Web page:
We assume that you have already used a web browser to browse the Web on some computer system, so we won't go into the very basics here; we'll just point out a few Linux-specific things.

Keep in mind that retrieving documents on the Web can be slow at times. This depends on the speed of the network connection from your site to the server, as well as the traffic on the network at the time. In some cases, web sites may be so loaded that they simply refuse connections; if this is the case, Konqueror displays an appropriate error message. At the bottom edge of the Konqueror window, a status report is displayed, and while a transfer is taking place, the KDE gear logo in the upper-right corner of the window animates. Clicking the logo, by the way, will open a new Konqueror window.

As you traverse links within Konqueror, each document is saved in the window history, which can be recalled using the Go menu. Pressing the Back button (the one that shows an arrow pointing to the left) in the top toolbar of the Konqueror window moves you back through the window history to previously visited documents. Similarly, the Forward button moves you forward through the history.

In addition, the sidebar in Konqueror can show you previously visited web sites; that is a very useful feature if you want to go to a web site that you have visited some time ago too long ago for it to still appear in the Go menu but you do not remember the name any more. The History pane of the sidebar has your visited URLs sorted by sites. If you do not have a sidebar in your Konqueror window, it may be hidden; press F9 in that case, or select Window Show Navigation Panel from the menu bar. The sidebar has several panels, of which one at a time is shown; the one you want in this case is the one depicted by a little clock. Click on the clock icon to see the previously visited sites.

You can also bookmark frequently visited web sites (or URLs) to Konqueror's "bookmarks ." Whenever you are viewing a document that you might want to return to later, choose Add Bookmark from the Bookmarks menu, or simply press Ctrl-B. You can display your bookmarks by choosing the Bookmarks menu. Selecting any item in this menu retrieves the corresponding document from the Web. Finally, you can also display your bookmarks permanently in another pane of the sidebar by clicking on the yellow star. And of course, Konqueror comes with ample features for managing your bookmarks. Just select Bookmarks Edit Bookmarks, and sort away!

You can also use the sidebar for navigating your home directory, your hardware, your session history, and many other things. Just try it, and you will discover many useful features.

Besides the sidebar, another feature that can increase your browsing experience considerably is the so-called tabbed browsing . First made popular by the open source browser Mozilla (see later in this chapter), Konqueror has really taken tabbed browsing to its heart and provides a number of useful features. For example, when you are reading a web page that contains an interesting link that you might want to follow later, while continuing on the current page now, you can right-click that link and select Open in New Tab from the context menu. This will create a new tab with the caption of that page as its header, but leave the current page open. You can finish reading the current page and then go on to one of those that you had opened while reading. Since all pages are on tabs in the single browser window, this does not clutter your desktop, and it is very easy to find the page you want. In order to close a tab, just click on the little icon with the tabs and the red cross.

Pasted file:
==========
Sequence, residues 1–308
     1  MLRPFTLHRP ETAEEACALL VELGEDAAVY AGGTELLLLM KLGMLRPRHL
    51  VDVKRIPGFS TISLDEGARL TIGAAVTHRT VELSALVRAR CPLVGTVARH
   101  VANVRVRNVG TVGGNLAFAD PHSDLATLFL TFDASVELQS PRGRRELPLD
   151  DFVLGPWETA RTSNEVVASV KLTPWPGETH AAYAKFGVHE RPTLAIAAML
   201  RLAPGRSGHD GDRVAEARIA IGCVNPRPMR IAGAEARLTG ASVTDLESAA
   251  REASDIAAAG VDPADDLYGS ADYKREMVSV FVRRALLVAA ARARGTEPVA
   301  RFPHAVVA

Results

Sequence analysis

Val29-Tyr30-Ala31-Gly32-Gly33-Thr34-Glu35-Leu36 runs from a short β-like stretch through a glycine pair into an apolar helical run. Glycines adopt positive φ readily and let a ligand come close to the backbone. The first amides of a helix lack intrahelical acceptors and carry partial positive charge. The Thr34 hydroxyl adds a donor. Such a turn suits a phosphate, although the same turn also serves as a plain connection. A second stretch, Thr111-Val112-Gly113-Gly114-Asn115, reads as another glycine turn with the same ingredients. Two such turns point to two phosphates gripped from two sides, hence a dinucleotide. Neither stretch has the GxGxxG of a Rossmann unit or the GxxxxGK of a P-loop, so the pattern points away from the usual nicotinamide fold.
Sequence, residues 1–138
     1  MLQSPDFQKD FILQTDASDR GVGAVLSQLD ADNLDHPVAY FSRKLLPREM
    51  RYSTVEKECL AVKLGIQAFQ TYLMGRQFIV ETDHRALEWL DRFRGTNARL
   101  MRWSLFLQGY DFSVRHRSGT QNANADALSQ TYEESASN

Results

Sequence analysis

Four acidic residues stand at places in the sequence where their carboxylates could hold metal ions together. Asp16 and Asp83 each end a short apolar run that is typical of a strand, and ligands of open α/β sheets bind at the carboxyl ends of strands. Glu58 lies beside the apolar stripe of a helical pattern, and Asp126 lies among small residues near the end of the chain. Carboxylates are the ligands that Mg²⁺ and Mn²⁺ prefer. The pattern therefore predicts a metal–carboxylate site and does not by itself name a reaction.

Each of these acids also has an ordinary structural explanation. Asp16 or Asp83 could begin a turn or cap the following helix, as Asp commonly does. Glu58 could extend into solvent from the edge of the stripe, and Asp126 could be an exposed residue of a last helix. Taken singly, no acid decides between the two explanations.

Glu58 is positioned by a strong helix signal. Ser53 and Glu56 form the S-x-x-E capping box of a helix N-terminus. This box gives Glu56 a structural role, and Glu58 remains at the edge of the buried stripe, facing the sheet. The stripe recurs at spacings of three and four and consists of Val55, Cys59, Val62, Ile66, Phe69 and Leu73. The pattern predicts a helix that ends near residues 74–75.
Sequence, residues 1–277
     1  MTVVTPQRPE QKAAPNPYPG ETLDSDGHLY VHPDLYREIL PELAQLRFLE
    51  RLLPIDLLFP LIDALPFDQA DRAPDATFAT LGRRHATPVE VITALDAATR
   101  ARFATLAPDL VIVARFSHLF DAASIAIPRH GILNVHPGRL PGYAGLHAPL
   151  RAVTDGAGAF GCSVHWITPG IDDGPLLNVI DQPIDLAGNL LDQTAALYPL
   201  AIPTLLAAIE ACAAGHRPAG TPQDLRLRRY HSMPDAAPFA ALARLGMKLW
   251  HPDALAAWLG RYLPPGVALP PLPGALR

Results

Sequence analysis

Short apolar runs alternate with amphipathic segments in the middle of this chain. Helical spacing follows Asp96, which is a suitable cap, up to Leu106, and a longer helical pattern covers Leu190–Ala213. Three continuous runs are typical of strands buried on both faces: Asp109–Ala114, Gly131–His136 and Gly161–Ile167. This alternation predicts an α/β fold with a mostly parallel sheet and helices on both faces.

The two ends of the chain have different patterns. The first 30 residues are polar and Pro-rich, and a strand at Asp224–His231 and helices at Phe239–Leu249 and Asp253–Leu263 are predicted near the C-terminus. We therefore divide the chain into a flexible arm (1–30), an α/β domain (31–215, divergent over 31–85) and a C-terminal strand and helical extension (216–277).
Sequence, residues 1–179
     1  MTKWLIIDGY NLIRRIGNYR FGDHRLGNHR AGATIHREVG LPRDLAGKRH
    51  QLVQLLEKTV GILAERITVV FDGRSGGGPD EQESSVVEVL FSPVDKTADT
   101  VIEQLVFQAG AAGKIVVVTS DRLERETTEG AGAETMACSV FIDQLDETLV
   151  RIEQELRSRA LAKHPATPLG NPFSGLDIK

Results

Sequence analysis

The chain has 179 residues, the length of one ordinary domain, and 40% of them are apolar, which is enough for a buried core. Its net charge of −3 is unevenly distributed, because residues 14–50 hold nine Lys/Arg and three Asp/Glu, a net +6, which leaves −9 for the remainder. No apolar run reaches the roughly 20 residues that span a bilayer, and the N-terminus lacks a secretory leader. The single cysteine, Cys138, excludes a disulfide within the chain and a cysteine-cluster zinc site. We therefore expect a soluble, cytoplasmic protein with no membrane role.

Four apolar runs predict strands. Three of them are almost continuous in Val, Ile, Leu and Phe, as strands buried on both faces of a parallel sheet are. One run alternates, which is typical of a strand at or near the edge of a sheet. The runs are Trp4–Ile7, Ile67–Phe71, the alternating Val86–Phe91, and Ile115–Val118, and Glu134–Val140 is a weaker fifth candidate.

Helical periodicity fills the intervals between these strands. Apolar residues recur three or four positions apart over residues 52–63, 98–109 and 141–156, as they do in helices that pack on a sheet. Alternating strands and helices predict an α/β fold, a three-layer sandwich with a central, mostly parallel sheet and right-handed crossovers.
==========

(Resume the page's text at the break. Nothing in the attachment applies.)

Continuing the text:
As mentioned previously, you can access new URLs by running konqueror with the URL as the argument. However, you can also simply type the URL in the location bar near the top of the Konqueror window. The location bar has autocompletion: if you start typing an address that you have visited before, Konqueror will automatically display it for your selection. Once you are done entering the URL (with or without help from autocompletion), you simply press the Enter key, and the corresponding document is retrieved.

Konqueror is a powerful application with many options. You can customize Konqueror's behavior in many ways by selecting Settings Configure Konqueror. The sections Web Behavior and Web Shortcuts provide particularly interesting settings. In the section Cookies, you can configure whether you want to accept cookies domain by domain and even check the cookies already stored on your computer. Compare this to browsers that hide the cookies deep in some hidden directory and make it hard for you to view them (or even impossible without the use of extra programs!).